A little less than a half a year ago, I posted about Project Loon, something that in my mind would change developing countries and give them new opportunities. Since then, I have been tracking the progress of this zany idea and have been positively surprised.
Project Loon started in June of 2013 and, in the beginning, many, including Google, were skeptical about Google X’s new undertaking. I was unsure about the idea as well, but who wouldn’t! It is definitely an unconventional one: having balloons up in the sky at all times, connecting the 60% of Africans in developing countries that currently don’t have access to the Internet? That sounds like craziness. But absurd ideas are sometimes the best, and Google has the phenomenal reputation of turning the unimaginable into a reality.
Per Lindstrand, a Swedish, aeronautical, engineer, pilot, adventurer, and entrepreneur, is one of the skeptics that did not have a lot of faith in Project Loon. When he heard about the claim that Loon balloons would eventually keep going for 100 days, he replied that it is “Absolutely impossible— even three weeks is rare.” Well, this well-respected man was wrong. Exactly a month ago, the balloon Ibis 152 has completed the milestone of being aloft for 120 days, since it launched in New Zealand on February 26. This balloon completed one circumnavigation in 22 days, which is a world record.
Not only has Project Loon been able to extend its flight times (it is not uncommon to see a balloon being up in the air for 75 days), it has also thrived in other ways. Loon has been able to add mobile connectivity to the service and make the balloons fly higher than 60,000 feet, or about 200 football fields. With all this good news, Google is very optimistic about the future.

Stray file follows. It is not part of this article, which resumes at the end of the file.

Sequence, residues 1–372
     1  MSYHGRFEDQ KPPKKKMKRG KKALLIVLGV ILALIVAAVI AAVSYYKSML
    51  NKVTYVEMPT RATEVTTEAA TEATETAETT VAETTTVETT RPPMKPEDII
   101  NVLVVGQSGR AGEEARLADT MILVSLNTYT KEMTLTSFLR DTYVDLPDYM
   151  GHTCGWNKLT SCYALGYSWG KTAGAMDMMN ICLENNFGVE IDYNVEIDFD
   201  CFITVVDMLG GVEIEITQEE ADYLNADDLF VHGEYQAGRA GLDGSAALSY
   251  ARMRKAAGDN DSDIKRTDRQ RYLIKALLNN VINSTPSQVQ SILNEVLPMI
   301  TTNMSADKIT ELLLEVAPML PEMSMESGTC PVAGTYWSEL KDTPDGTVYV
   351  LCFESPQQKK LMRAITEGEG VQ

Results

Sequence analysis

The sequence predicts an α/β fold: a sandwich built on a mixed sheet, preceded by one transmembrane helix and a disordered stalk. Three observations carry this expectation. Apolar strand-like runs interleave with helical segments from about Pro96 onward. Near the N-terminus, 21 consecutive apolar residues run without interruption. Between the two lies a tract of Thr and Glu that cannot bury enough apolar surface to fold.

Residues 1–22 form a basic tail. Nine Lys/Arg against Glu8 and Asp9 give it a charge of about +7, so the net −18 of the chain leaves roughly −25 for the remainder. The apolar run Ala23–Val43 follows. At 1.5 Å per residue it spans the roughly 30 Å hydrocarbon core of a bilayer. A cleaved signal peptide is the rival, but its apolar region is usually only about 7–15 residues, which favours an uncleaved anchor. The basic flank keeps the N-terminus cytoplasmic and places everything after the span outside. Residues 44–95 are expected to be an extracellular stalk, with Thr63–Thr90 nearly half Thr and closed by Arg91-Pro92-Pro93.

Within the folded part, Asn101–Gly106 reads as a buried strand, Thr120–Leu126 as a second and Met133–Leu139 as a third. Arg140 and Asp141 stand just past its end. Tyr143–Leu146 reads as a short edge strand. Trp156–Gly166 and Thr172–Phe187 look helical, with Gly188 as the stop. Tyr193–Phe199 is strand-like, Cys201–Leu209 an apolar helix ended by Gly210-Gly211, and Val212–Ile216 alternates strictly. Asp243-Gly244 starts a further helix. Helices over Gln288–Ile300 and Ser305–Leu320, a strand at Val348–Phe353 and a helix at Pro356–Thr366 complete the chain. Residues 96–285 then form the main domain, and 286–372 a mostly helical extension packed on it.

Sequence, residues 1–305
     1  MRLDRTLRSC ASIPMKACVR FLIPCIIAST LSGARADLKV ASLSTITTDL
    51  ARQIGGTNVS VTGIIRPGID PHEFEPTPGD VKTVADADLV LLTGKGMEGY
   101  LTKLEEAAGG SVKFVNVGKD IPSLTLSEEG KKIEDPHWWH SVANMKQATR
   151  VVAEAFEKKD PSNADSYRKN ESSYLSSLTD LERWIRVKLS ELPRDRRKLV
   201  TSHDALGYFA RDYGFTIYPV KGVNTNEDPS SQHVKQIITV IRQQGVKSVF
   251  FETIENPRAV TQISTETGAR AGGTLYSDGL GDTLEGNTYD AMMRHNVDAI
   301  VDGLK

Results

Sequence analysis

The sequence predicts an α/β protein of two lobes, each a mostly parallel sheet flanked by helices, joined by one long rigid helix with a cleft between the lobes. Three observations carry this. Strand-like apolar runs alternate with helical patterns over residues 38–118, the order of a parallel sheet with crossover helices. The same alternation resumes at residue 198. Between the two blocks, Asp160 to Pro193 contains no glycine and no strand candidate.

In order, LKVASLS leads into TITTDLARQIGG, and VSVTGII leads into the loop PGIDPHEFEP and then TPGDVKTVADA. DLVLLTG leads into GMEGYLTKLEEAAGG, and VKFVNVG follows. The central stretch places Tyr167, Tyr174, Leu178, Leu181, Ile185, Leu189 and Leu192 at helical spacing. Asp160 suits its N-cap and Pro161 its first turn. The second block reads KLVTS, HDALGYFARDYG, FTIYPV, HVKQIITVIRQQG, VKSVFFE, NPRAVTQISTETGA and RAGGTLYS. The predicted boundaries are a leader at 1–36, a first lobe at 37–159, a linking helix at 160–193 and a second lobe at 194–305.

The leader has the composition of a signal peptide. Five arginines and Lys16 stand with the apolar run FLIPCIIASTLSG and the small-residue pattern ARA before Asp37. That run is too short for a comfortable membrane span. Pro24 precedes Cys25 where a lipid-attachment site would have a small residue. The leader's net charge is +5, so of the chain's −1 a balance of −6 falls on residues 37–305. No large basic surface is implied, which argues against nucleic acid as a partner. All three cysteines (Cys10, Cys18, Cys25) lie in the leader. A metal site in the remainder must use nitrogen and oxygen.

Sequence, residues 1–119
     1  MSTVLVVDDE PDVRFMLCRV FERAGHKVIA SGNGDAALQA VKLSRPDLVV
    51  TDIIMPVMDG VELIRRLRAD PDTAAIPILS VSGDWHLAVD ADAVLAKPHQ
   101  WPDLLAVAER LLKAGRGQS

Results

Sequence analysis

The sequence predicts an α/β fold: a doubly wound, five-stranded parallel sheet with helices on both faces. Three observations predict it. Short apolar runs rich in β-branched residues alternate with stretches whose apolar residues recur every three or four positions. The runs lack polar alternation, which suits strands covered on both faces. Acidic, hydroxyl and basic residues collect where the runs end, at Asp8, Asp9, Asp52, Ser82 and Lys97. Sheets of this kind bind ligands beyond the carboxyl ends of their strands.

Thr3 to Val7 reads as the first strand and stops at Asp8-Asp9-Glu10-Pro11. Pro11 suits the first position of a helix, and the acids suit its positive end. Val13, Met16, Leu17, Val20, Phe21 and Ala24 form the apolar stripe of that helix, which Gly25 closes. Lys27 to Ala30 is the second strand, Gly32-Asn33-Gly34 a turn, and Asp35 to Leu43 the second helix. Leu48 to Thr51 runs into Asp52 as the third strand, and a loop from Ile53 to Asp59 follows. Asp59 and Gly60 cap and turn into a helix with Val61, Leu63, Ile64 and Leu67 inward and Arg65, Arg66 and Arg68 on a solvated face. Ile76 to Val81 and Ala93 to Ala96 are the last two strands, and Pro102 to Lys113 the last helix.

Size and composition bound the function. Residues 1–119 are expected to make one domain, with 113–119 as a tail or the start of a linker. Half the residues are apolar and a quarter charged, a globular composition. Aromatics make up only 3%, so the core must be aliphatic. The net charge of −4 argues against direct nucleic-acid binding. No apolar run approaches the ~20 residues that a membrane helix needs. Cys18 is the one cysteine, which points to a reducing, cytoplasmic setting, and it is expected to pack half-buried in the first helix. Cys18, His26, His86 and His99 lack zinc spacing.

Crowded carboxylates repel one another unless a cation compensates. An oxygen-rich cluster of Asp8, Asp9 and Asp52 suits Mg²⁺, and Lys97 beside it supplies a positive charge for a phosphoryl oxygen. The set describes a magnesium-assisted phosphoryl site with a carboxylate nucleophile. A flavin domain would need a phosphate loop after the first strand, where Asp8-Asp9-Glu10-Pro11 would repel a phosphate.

“This is the poster child for Google X. The balloons are delivering 10x more bandwidth, 10x steer-ability, and are staying up 10x as long. That’s the kind of progress that can only happen a few more times until we’re in a problematically good place.”— Astro Teller, the head of the division of Google X.
Astro Teller does not want to limit Project Loon to rural areas in developing countries. “Even in the middle of Silicon Valley you can lose connection while driving; large buildings and hills can block the signal. Balloons can fill in dead spots.” By widening the receivers of balloon-acquired Internet, Project Loon will also be able to financially stay afloat, since it can then partner with existing providers to deliver a super-roaming experience across the US.
Future goals of Project Loon:
- Routine flights of 100 days
- 100 balloons in the air at once
- A full ring of 300-400 balloons circling the globe for continuing service